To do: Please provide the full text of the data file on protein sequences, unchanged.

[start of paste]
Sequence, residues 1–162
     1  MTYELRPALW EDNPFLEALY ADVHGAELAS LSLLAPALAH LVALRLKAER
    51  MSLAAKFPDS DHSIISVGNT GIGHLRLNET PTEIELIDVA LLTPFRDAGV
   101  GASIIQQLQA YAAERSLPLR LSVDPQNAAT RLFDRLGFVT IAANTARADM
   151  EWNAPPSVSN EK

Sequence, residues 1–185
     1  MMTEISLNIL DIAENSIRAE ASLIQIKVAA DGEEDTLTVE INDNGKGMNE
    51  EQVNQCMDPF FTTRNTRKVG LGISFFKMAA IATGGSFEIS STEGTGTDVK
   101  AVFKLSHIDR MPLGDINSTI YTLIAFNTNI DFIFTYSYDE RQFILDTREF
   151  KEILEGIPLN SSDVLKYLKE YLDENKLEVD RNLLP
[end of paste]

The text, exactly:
Sequence, residues 1–162
     1  MTYELRPALW EDNPFLEALY ADVHGAELAS LSLLAPALAH LVALRLKAER
    51  MSLAAKFPDS DHSIISVGNT GIGHLRLNET PTEIELIDVA LLTPFRDAGV
   101  GASIIQQLQA YAAERSLPLR LSVDPQNAAT RLFDRLGFVT IAANTARADM
   151  EWNAPPSVSN EK

Sequence, residues 1–185
     1  MMTEISLNIL DIAENSIRAE ASLIQIKVAA DGEEDTLTVE INDNGKGMNE
    51  EQVNQCMDPF FTTRNTRKVG LGISFFKMAA IATGGSFEIS STEGTGTDVK
   101  AVFKLSHIDR MPLGDINSTI YTLIAFNTNI DFIFTYSYDE RQFILDTREF
   151  KEILEGIPLN SSDVLKYLKE YLDENKLEVD RNLLP